UK Sovereign Credit Downgraded as Coronavirus Hits Key Government Personnel


It took just 7 days for confirmed cases to double last week with over 700,000 infected as at Sunday when there were just over 330,000 last Sunday. Governments globally have enacted lockdowns with the latest being Moscow in Russia as well such cities as Lagos and Abuja in Nigeria. The rate of new infections in China has plateaued with March new cases averaging about 50 per day. The US is now firmly ahead in terms of new cases with about 140,000 confirmed as at Sunday while second-placed Italy was at about 98,000; the US death toll remains low however – about 2% – while in Italy the mortality rate is about 11%. The number of confirmed cases in the UK was double Wednesday figures as at Sunday with several key members of government including Prime Minister Boris Johnson testing positive for the virus.


US stocks closed sharply lower in Friday to end a 3-day streak of gains despite Congress approval of the $2 trillion stimulus package. The DOW led the slide, down 4.05% while the NASDAQ and the S&P shed 3.78% and 3.36% respectively. Stocks were however higher for the week, posting the best figures since the 1938 for the DOW at 12.8% while the S&P and the NASDAQ had their best week since the 2008-09 financial crisis at 10.8% and 9.1% respectively. Yield on 10Y USTs closed 17bps lower at 0.6746%.


Fitch downgraded the UK’s sovereign rating on Friday to AA from AA- citing the impact of COVID-19 on economic activity. As was largely expected, investors shrugged off the news with yield on 10Y UKTs opening some 8bps lower on Monday continuing with the downward trajectory from last week. Quantitative easing by the Bank of England should help keep yields low as should expected downgrades across other IG sovereign issuers. The pound closed higher at 1.2460 to the dollar while yield on 30Y UKTs opened some 7bps lower on Monday having closed at 0.775% on Friday.


The ECB called for banks to halt dividend payments until October at the earliest on Friday, in a bid to retain capital as the coronavirus wreaks havoc. European banks had received some relief from the ECB earlier in the month after they were allowed to tap into capital buffers as well as have more time to deal with bad loans. The move could see up to €30 billion of extra capital for banks should they follow the recommendation. Italy, the worst-hit European country by COVID-19, saw several banks take up the recommendation including UniCredit and Banca Generali Spa while some like Intesa Sanpaolo said they would review it at their next board meetings. The euro closed higher at $1.1075 while yield on 10Y DBRs closed lower at -0.474%.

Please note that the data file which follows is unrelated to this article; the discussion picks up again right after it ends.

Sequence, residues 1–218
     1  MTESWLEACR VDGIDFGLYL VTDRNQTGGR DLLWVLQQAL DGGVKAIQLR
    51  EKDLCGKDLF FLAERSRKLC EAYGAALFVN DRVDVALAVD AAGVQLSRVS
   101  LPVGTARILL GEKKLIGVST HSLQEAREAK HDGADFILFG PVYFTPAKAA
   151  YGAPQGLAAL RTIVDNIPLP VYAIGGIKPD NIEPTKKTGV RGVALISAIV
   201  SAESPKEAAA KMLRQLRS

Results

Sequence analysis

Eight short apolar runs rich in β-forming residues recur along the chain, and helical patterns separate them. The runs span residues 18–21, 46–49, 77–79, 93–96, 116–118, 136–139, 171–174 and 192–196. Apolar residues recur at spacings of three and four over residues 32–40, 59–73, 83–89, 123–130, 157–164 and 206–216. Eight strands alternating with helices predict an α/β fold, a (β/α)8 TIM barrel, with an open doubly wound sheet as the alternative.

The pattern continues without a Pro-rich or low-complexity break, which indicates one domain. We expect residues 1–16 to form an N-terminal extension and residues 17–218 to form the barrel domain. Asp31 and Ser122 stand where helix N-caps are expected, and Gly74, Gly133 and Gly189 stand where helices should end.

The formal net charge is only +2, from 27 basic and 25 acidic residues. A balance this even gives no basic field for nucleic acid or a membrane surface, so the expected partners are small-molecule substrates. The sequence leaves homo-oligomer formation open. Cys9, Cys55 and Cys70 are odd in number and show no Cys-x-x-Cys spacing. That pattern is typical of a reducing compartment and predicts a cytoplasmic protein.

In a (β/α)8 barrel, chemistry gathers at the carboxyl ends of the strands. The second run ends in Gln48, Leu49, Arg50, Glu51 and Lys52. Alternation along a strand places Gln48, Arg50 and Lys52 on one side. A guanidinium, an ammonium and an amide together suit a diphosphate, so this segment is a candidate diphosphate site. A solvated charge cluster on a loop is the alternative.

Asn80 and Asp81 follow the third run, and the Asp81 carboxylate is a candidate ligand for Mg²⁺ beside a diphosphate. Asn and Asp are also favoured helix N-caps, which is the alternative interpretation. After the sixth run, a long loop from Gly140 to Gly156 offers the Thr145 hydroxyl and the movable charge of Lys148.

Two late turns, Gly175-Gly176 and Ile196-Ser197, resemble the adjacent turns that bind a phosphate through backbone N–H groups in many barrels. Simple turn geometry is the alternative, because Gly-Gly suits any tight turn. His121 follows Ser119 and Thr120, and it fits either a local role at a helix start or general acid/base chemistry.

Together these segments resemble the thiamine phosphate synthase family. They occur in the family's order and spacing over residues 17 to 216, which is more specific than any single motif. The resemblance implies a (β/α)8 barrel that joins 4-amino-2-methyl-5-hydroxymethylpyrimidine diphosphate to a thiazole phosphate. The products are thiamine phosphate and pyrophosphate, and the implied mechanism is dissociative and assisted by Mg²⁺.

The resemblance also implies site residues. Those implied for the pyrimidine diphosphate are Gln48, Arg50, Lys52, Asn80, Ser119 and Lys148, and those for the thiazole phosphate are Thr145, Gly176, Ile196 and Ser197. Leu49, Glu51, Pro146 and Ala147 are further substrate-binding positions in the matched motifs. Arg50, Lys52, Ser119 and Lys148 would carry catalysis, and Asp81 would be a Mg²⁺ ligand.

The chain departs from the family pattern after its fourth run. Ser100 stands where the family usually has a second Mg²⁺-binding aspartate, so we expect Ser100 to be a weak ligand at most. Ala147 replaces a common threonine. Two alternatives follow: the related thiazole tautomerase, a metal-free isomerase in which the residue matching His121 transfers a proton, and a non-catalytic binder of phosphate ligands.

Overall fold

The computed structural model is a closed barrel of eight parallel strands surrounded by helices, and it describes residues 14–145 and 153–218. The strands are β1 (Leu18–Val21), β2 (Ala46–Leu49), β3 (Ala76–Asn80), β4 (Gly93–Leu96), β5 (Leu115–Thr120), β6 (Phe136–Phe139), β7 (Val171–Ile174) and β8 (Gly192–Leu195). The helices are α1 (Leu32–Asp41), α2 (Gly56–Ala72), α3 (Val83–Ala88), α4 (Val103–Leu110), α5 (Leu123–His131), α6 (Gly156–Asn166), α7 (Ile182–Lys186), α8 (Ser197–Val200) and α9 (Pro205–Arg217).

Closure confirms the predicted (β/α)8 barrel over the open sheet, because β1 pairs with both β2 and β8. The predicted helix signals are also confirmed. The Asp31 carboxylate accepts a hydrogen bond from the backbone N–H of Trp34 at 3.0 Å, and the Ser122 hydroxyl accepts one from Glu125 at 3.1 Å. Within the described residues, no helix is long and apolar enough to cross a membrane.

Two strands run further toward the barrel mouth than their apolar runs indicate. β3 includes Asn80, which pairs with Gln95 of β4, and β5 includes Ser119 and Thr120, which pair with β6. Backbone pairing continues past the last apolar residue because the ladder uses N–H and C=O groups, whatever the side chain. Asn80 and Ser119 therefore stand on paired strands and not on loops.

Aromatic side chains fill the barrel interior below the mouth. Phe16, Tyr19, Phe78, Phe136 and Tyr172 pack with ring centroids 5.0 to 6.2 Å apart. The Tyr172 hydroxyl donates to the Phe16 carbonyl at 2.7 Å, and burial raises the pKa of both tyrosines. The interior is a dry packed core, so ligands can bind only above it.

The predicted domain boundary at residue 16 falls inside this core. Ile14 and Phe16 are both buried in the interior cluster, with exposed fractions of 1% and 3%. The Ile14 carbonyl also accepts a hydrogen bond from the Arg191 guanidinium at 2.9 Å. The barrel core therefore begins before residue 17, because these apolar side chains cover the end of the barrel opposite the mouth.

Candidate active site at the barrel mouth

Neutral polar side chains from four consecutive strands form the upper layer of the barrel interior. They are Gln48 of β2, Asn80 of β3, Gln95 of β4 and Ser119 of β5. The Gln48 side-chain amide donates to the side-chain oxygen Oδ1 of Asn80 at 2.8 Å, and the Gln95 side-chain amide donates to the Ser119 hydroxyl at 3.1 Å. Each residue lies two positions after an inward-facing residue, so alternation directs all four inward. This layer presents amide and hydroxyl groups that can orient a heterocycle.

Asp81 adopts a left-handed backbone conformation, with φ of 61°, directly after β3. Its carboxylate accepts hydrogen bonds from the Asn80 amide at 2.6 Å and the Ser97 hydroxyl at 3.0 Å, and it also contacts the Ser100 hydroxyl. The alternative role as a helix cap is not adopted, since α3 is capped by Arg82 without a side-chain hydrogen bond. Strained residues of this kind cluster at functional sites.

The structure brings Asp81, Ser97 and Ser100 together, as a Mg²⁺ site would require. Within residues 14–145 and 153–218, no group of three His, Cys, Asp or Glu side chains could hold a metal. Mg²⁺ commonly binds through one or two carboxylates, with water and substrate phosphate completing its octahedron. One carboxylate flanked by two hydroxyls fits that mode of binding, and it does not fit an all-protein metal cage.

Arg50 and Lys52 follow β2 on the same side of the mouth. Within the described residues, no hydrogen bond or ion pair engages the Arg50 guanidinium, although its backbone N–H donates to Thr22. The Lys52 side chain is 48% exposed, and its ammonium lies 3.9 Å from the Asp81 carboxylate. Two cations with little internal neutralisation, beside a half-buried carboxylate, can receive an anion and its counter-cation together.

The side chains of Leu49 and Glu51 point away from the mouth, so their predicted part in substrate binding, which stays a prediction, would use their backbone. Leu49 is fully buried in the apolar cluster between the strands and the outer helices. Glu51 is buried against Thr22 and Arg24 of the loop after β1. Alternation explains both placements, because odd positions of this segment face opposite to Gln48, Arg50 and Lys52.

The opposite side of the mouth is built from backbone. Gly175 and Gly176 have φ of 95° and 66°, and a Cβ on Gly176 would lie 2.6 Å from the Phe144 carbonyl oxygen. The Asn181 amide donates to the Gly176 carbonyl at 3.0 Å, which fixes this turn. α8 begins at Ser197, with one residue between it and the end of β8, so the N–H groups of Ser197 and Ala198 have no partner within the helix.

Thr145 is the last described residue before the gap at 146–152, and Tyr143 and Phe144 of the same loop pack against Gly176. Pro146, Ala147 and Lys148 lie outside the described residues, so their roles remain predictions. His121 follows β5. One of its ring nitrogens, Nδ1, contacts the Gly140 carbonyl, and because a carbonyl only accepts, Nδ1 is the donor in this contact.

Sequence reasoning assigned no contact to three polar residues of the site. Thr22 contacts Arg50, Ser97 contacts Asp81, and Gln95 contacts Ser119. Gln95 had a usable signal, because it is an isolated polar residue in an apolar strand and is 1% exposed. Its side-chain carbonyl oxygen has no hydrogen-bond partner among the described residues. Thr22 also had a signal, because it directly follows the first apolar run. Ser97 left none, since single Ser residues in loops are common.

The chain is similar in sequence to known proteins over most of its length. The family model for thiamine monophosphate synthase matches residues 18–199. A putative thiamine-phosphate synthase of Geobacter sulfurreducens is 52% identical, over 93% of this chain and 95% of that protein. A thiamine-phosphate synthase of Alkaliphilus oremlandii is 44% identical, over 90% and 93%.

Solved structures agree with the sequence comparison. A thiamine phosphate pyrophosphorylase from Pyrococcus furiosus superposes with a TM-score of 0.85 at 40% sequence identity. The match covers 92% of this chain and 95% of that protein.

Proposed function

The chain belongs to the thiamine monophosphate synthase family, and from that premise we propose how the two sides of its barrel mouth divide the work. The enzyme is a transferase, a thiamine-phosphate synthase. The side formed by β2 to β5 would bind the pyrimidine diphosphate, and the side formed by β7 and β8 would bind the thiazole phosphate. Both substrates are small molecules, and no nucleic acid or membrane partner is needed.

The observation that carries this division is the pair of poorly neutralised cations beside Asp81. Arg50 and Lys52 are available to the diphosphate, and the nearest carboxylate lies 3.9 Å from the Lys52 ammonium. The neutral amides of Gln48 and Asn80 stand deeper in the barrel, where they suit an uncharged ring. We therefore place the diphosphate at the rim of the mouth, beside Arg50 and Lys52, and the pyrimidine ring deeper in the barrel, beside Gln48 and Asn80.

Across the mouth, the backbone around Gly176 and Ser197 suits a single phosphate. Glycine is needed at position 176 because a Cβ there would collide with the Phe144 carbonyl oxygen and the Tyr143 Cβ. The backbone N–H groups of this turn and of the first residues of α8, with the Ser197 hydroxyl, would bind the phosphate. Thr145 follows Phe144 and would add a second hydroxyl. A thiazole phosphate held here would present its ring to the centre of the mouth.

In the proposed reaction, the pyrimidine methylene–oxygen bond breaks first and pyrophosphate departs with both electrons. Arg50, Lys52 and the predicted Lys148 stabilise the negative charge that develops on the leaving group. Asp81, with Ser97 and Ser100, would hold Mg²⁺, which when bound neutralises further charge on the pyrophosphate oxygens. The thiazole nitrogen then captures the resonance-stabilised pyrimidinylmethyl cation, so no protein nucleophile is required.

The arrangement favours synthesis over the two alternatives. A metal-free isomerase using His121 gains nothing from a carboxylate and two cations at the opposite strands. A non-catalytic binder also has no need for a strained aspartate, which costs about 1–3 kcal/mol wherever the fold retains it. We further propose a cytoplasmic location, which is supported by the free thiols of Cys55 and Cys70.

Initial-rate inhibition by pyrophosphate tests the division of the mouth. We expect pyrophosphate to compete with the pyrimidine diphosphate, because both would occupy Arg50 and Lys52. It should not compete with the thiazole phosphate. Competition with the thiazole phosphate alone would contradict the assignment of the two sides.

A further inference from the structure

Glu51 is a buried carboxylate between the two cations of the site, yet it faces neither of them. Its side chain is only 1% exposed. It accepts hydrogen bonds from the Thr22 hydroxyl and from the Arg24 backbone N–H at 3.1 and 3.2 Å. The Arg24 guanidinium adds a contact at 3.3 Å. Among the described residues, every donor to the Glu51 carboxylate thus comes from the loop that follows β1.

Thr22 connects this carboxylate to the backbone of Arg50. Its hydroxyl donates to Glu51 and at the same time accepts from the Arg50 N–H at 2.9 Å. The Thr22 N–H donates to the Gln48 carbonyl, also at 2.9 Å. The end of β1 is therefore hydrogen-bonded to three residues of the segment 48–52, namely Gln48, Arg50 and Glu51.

Asia stocks started the week lower as countries reported a new wave of fresh infection of COVID-19. The NIKKEI and the HANG SENG shed 1.57% and 1.316% respectively while an announcement that China would be coming with fresh stimulus was not enough to stop the CSI from sliding 0.90%. Top officials signalled a willingness to widen the fiscal deficit and sell more debt but final details were scant; the official fiscal deficit has not exceeded 3% of GDP for more than a decade. The ASX closed 7.00% higher however after the Australian government announced a A$130 billion (USD80 billion) jobs rescue plan with wages subsidised to help employers retain staff.


Manufacturer confidence in Turkey tanked in March by magnitudes not seen since the global financial crisis, marking the first piece of key data highlighting the toll of the coronavirus on the economy. The Real Sector Confidence Index shed 8.2 points into pessimism territory at 98.6 with capacity utilisation also falling according to the central bank report. The government has shut down over 200,000 businesses in a bid to slow the spread of the virus which had over 9,000 confirmed cases as at Sunday. The lira closed weaker at 6.4542 to the dollar while TURKEY 47s were lower, trading in the mid 77s.


Russia should move towards a nationwide lockdown in the coming days with Prime Minister Mikhail Mishutsin calling for heads of other regions to follow in Moscow’s footsteps. Moscow ordered its residents to stay home starting Monday being the hardest-hit with its cases making up two-thirds of the country’s total. President Putin had announced last week that this week would be a non-working one but hadn’t committed to measures such as restriction of movement. The prospects for the economy do not look particularly favourable amid a price-war on the oil front with Saudi Arabia which should further hurt revenues. The ruble closed weaker at 78.8055to the dollar while RUSSIA 47s were lower, trading in the low 124s.


Moody’s finally downgraded South Africa’s sovereign rating on Friday thus taking away the country’s last remaining IG rating. The country’s assets tumbled as a result with the rand breaching the 18/dollar mark for the first time on Monday morning. An index of bank stocks on the JSE shed over 6% in early trading to continue with the slump from last week while yield on 10Y SAGBs rose over 50bps during the same period. Barclays estimates that as much as $6 billion could move out because of forced selling as the country falls out of FTSE World Government Bond Indexes. SOAF 49s continued their slide, shedding 3 points in early trading on Monday to trade in the low 73s.